Texas coach Charlie Strong had just finished his somber press conference last Monday when he saw Longhorns tight end Caleb Bluiett. In the aftermath of his team's embarrassing 50–7 loss at TCU, Strong was asked some tough questions, including about whether his players actually cared about their poor play, the panicking of the Texas faithful and his own future in Austin. The press conference was more like a funeral for his program than a pep talk for its upcoming game against rival Oklahoma in Dallas.
It was a bleak scene, with Strong defending his young team for nearly 30 minutes, a noble effort that didn't go unnoticed by Bluiett.
"Hey coach, listen, don't worry about all that," Strong recalls being told by Bluiett. "We've got you. We've got this one for you."
As much as Strong appreciated Bluiett's words, they also troubled him. He was concerned about the effect that all the overblown talk about his job status could have on the Longhorns' fragile psyches.
"Listen, let me handle the coaching and getting the players ready," Strong told Bluiett. "I've got a plan. Don't worry about [whether] you got me. We all just need to play well for each other."
And that's what finally happened on Saturday in Texas's stunningly dominant 24–17 upset of the No. 10 Sooners. It was easily the biggest victory of Strong's two-year tenure in Austin, a defining moment in his attempt to rebuild the downtrodden, divided program he inherited from Mack Brown.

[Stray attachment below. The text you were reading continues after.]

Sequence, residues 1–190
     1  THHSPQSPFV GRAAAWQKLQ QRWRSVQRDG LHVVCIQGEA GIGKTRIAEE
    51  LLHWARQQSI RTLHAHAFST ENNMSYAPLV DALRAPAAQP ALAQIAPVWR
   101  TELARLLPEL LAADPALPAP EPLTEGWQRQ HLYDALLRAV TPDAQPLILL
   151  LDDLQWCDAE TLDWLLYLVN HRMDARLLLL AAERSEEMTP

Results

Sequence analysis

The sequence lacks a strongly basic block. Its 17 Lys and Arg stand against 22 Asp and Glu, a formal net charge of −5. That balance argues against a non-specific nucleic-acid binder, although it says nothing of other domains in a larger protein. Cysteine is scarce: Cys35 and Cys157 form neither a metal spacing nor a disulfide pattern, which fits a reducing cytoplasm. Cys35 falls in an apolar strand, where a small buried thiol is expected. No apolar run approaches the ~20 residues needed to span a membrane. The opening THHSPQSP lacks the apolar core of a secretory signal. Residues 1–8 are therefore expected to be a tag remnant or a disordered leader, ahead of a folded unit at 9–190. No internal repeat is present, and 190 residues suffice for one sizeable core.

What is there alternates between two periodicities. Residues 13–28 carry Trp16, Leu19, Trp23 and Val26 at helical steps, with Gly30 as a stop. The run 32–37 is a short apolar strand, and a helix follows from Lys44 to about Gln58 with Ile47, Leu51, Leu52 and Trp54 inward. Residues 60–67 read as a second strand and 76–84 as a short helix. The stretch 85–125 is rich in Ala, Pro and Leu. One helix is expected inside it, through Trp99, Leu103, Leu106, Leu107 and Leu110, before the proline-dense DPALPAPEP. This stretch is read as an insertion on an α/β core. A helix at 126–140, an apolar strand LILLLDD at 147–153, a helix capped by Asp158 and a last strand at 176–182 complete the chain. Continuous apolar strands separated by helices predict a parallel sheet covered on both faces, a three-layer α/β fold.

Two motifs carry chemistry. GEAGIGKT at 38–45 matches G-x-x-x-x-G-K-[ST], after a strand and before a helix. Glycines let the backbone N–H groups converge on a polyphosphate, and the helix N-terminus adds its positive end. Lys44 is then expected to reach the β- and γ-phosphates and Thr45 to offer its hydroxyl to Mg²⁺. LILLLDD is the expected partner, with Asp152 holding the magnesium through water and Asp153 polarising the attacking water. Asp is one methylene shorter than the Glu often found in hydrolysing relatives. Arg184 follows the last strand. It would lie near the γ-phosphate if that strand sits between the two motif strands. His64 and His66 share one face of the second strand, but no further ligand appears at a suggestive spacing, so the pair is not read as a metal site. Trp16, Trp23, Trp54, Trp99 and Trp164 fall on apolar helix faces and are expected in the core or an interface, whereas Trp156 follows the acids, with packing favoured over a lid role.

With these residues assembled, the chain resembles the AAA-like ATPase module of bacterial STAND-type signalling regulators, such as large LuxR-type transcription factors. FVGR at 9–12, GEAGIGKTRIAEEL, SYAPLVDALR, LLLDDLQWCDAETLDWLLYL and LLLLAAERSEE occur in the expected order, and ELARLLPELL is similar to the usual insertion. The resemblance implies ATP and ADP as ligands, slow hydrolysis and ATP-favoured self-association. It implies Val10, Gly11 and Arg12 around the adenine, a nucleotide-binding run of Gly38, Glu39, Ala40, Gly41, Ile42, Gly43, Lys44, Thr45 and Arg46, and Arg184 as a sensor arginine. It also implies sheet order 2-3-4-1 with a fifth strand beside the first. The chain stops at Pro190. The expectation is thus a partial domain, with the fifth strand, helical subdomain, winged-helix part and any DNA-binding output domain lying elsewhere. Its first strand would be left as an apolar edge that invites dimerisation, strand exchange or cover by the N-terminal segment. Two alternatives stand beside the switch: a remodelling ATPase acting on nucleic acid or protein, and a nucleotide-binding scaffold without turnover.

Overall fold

"We needed a signature win just to get the kids going," Strong told The Inside Read. "What I was so happy about is all the emotion from the kids from start to finish. They wanted this game so bad. Everybody was talking about them. Saying they couldn't do it and aren't pretty good. They just got sick of it."
Strong knew his team was poised for a breakthrough victory well before kickoff on Saturday. He could tell when he had his team go through a 6 a.m. walk-through in a hotel parking lot on game day.
The Longhorns had done the same thing a week earlier, before their brutal loss to the Horned Frogs, but this time was much different. This time players weren't slow to get out of bed, quiet or worried about going back to sleep.
Texas was so listless before the game against TCU that Strong nearly pulled his team off the field during warm-ups. "I didn't feel like they were ready to go," Strong says. "We weren't focused at all."
But the Longhorns were more than ready for Oklahoma. During Saturday's early walk-through, they were wide awake, whizzing through the game plan and brimming with a vocal confidence that carried through to pregame warm-ups.